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CPI Forecast Australia: Inflation has peaked - Here's what's next | RateCity

Mark Bristow avatar
Mark Bristow
- 4 min read
CPI Forecast Australia: Inflation has peaked - Here's what's next | RateCity

Inflation is affecting every aspect of Australian finances at the moment, from the cost of lettuce to home loan interest rates. So, what’s next for inflation now that it has reached its peak? We checked what some of Australia’s leading financial institutions had to say in their forecasts.

The Australian Bureau of Statistics (ABS) 

According to the ABS, inflation already reached a peak at the end of 2022, with recent figures continuing a downward trend.

The ABS releases the Consumer Price Index (CPI) four times a year, covering the March, June, September, and December quarters. This measures household inflation based on changes to the price of a basket of goods, among other factors. Additionally, the ABS began releasing a monthly CPI indicator in October 2022.

On an annual basis, CPI inflation increased 6.0% in the June 2023 quarter, which is lower than the rises of 7.0% in March 2023 and 7.8% in December 2022. Trimmed mean annual inflation, which excludes large price rises and falls, was 5.9%, lower than the March 2023 quarter’s 6.6% and the December 2022 quarter’s 6.9%.

The monthly CPI indicator rose 5.4% in the year to June 2023, which is lower than the 5.5% movement in May and the 6.7% movement in April.

ABS head of prices statistics, Michelle Marquardt, said that the latest annual CPI movement was the lowest quarterly rise since September 2021, adding that, “While prices continued to rise for most goods and services, there were some offsetting price falls this quarter including for domestic holiday travel and accommodation and automotive fuel.”

The Federal Government

According to Federal Treasurer Jim Chalmers, it is “really pleasing” to see that Australia’s inflation is moderating further, though he’d like to see it moderate faster.

“There is still a long way to go to head off this inflation challenge but today’s numbers do show that we’re heading in the right direction… We’re seeing it moderate and we’d like it to moderate quicker but our economic plan is playing a really important role here in the moderation of inflation.”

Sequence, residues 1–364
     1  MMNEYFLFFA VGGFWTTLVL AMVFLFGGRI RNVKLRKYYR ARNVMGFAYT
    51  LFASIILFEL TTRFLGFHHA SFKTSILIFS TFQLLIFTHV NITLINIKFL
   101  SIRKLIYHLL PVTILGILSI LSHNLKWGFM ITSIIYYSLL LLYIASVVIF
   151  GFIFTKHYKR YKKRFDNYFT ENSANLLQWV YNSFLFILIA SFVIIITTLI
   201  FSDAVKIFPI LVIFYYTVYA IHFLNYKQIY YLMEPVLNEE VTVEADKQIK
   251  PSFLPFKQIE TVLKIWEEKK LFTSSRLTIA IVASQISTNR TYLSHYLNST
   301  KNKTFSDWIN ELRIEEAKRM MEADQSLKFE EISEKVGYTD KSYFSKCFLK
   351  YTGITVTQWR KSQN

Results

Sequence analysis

The Treasury’s three-point plan to help Australia manage inflation involves banking a bigger surplus, providing cost-of-living help, and focusing on supply-side challenges.


ANZ Research said that the RBA will likely find comfort in the latest CPI release, which could indicate that the current monetary policy is already tight enough:

“The sharp drops in headline and core CPI and in non-tradables and services inflation, the latter two both printing 0.8% q/q in Q2, highlight that a 4.1% cash rate may be restrictive enough to bring inflation down.”

Commonwealth Bank 

Economists from the Commonwealth Bank have said that the latest CPI figures are confirmation that the Australian economy’s inflation pulse is tracking in the right direction.

“Inflation expectations in Australia continue to be worth watching even as the rate of headline inflation falls.”

Based on these findings, Commonwealth Bank expects inflation to reach just below 4% by the year’s end.


NAB economists have described the recent inflation figures as slightly softer than both market and RBA forecasts, though some ‘sticky’ CPI segments could keep inflation from falling faster.

“We still see Q3 CPI as printing high given likely pass through from the minimum/award wage increase, higher energy prices, as well as well-telegraphed price increases in other services components. The concern remains on services inflation, which could impede the aim of getting inflation back to 3% by mid-2025.”


Westpac economists described the recent CPI results as a surprise to the downside, indicating that the pace of inflation is moderating in a meaningful way.

“Overall, we have to recognize that the overall momentum in the monthly CPI Indicator is softer than we had been expecting. This is something we are watching closely for if it continues, it would suggest downside risk to our current inflation forecasts.”

Westpac’s current target is for core inflation to get back to around 4.1% for the end of 2023. According to Westpac economists, there’s a good chance that inflation will come to the end of this year somewhat lower than the RBA is currently expecting.


The recent inflation figures came back lower than AMP had previously estimated, having forecast a 1% rise in headline consumer prices, taking annual growth to 6.2%, compared to the ABS results of 0.8% and 6.0%.

However, AMP economists also warned against declaring victory against inflation, stating that there is “a risk that the weakening in inflation could prove to be temporary if consumer spending rises again as real wages growth rises.”

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Product database updated 25 Jun, 2024

This article was reviewed by Personal Finance Editor Alex Ritchie before it was published as part of RateCity's Fact Check process.